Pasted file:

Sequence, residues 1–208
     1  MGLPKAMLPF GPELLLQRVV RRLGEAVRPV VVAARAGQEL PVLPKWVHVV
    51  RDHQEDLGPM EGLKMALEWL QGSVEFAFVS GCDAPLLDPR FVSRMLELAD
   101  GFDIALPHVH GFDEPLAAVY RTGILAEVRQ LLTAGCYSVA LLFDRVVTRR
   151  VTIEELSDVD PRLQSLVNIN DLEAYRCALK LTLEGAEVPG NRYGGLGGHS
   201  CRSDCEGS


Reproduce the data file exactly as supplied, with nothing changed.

Sequence, residues 1–208
     1  MGLPKAMLPF GPELLLQRVV RRLGEAVRPV VVAARAGQEL PVLPKWVHVV
    51  RDHQEDLGPM EGLKMALEWL QGSVEFAFVS GCDAPLLDPR FVSRMLELAD
   101  GFDIALPHVH GFDEPLAAVY RTGILAEVRQ LLTAGCYSVA LLFDRVVTRR
   151  VTIEELSDVD PRLQSLVNIN DLEAYRCALK LTLEGAEVPG NRYGGLGGHS
   201  CRSDCEGS